After years of campaigning, the Grantham Community Heritage Association has now got the go ahead to put a statue of Margaret Thatcher on St Peter’s Hill in Grantham.
The final green-light came at the South Kesteven Development Management Committee (aka Planning) where Councillors discussed the pros and cons of a statue. The meeting was even busier than usual with television cameras and press people filling up the chairs.
Before the debate I did ask the Chair to be especially patient with my contribution. In the past he has been quite quick to cut speakers off if he thinks they are straying onto issues not concerned with planning matters or the specifics of an application which, I suppose, is his job. In response he asked me “not to be political”. The application was for a 6-metre high statue of Margaret Thatcher – How can anyone speak on that without being political?
When I asked questions of the Officers report and the public speakers, the Chairman was quite keen to shut me down, e.g. when I asked if the statue could have a revolving pedestal “or is the Lady not for turning?”. To give the Chairman his due, he did allow me to read the speech I had written, without interruption:
“Thank you Chairman,
I have called in this application because it I think it is appropriate that all major applications should be presented to the Full Committee and also significant applications. It is only fair to the people who support this statue, and the people who oppose this statue, and to planning officers, that such an important decision should be taken by a committee of Councillors, and not by officers under delegated powers.
This not just a plinth and a sculpture. This statue carries with it the reputation of Grantham.
This is a statue that no-one else wants. Westminster thought it would be the object of protest and turned it down… I don’t think you would be able to find a home for it in South Yorkshire or Liverpool as the trauma of the Hillsborough tragedy continues even to this day… I don’t think South Wales would want it, or the North East. Scotland has still not forgiven Thatcher for using them as Poll Tax guinea pigs… Margaret Thatcher will always be remembered in mining communities but, due to the enmity between Thatcher and the miners, there are no longer any mining towns or villages left in the UK.
Yesterday, this Council hoisted the rainbow flag to show its support for LGBT History month. This would have been illegal under Thatcher due to Section 28 of her Local Government Act which prohibited Councils from promoting homosexuality.
The Council has also recently decided to build new Council Houses. These will replace the ones that Margaret Thatcher forced us to sell off so many years ago. Most of those are now rented out by private landlords. Isn’t it funny how things work out?
Thatcher’s other achievements are well documented. In her first few years of office unemployment doubled to well over 3 million. Interest rates rose to 17%. There were riots on the streets of London, Leeds, Birmingham and Liverpool.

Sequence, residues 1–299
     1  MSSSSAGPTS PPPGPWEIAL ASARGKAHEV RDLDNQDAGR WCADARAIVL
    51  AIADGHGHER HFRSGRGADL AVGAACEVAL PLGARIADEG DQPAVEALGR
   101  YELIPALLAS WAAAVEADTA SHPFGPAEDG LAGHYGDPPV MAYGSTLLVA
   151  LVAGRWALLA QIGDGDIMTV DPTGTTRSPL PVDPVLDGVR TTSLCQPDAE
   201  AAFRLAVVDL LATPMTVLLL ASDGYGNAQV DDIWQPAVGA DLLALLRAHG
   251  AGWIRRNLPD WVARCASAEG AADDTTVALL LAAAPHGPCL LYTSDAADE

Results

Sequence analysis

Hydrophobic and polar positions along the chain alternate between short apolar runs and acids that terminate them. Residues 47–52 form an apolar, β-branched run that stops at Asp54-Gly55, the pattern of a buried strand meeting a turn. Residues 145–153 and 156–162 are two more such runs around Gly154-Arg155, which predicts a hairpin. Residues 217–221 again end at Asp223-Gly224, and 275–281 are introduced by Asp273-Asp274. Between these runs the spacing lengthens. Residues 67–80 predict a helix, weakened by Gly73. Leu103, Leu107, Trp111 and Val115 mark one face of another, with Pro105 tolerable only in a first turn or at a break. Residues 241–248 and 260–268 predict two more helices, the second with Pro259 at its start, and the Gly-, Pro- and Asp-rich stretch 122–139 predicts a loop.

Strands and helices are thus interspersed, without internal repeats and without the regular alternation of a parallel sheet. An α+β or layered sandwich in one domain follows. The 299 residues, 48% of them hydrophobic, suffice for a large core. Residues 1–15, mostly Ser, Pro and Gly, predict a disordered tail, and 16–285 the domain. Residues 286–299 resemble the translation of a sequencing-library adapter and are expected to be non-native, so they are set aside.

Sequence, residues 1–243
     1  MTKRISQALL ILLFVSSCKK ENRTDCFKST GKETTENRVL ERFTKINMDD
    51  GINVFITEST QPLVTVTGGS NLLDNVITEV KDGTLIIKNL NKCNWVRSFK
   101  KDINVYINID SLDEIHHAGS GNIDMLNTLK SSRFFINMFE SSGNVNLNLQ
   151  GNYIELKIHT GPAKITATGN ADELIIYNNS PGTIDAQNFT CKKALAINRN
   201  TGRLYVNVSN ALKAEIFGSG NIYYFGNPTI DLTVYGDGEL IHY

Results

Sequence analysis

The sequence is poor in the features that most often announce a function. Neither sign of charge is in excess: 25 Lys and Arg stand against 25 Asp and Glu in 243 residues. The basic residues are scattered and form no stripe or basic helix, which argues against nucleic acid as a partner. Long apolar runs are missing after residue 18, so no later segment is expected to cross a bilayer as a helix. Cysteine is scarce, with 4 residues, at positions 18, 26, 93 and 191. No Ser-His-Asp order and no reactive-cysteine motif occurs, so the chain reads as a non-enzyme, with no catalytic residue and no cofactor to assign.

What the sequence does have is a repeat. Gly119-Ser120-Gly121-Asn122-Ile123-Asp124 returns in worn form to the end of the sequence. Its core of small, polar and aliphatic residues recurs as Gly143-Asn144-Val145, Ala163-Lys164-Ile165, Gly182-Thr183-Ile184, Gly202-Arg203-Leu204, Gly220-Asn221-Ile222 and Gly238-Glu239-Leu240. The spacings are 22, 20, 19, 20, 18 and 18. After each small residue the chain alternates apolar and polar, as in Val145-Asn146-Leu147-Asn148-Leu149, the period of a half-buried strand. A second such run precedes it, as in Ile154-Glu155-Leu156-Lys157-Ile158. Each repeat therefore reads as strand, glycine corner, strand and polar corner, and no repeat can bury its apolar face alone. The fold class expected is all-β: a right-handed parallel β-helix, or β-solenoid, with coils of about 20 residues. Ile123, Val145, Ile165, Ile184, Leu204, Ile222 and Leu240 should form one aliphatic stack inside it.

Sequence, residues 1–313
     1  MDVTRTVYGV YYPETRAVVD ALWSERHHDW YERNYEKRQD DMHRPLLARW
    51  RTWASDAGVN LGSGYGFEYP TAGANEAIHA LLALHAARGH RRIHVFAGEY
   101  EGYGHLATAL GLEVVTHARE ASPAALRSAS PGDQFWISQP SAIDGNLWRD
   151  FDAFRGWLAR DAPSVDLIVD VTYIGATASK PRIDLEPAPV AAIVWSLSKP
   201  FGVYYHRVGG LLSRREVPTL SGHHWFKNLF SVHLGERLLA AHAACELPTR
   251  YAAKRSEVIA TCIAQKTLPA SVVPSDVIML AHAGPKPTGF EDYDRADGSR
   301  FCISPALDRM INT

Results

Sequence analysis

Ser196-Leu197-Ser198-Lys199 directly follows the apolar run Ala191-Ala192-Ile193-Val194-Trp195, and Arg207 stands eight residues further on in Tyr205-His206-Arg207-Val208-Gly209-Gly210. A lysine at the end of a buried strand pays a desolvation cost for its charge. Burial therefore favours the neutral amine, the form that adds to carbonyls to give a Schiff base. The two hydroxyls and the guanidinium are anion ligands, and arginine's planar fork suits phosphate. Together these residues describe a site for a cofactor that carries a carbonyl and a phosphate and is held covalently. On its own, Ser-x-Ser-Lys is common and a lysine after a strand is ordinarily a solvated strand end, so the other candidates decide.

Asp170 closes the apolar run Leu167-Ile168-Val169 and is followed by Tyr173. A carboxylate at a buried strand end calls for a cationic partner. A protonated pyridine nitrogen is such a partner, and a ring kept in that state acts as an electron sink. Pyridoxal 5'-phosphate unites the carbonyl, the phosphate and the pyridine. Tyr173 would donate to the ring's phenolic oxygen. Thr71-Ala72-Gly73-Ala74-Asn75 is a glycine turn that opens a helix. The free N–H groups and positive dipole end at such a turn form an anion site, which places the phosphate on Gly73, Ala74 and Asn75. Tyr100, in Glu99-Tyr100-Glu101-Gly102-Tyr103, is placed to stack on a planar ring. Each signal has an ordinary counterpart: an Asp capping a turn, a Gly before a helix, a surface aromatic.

Incidentally, it has been suggested that the statue is displayed indoors. I disagree with this as sure the best place for a statue of Maggie Maggie Maggie is OUT, OUT, OUT!
There are many other chapters in the Thatcher story. Her successful campaign to retake the Falkland Islands, the indefatigable resolve that she showed after the Brighton bomb almost killed her and her entire Cabinet. Her role in the end of the Cold War and the collapse of the Soviet Union. It was, after all, a Russian communist newspaper that first gave her the nickname of ‘The Iron Lady’.
All things considered, I’m not a fan. Quite the opposite. However, the story of Thatcher and Thatcherism needs to be told. The shadow of Thatcherism looms over our political discourse in a much bigger way than any shadow that will be cast over St Peter’s Hill by this edifice. Thatcher and her legacy are now studied not only by politics students but by A Level history students. These kids will inevitably need field trips to better understand Thatcher and her background. Where better than Grantham Museum? And no doubt other people will make pilgrimages to see the statue (and pilgrimage is definitely the wrong word).
Obviously we’re only interested in the material planning considerations in this matter and I can’t see a planning reason to object but, more than that, I think the statue will have two positive impacts: firstly, it will be a boost for Grantham and the local economy; secondly it will help make people stop and think about Thatcher and all the things she did, and why some people still love her and why some people still despise her. I wouldn’t vote for Mrs Thatcher herself but I see no good reason to vote against this statue.”
Other Councillors have a different opinion of Baroness Thatcher, including Cllr Peter Stephens, a Conservative Councillor and resident of the Manor House at Old Somerby, who reflected at one meeting last year:
“She did upset a lot of people. A lot of people in the mining industry lost their jobs but, and I bump into ex-miners quite often, I don’t find that they miss the work that much anyway. Unfortunately, [now] it’s lots of Europeans and other people who have to dig the coal up…”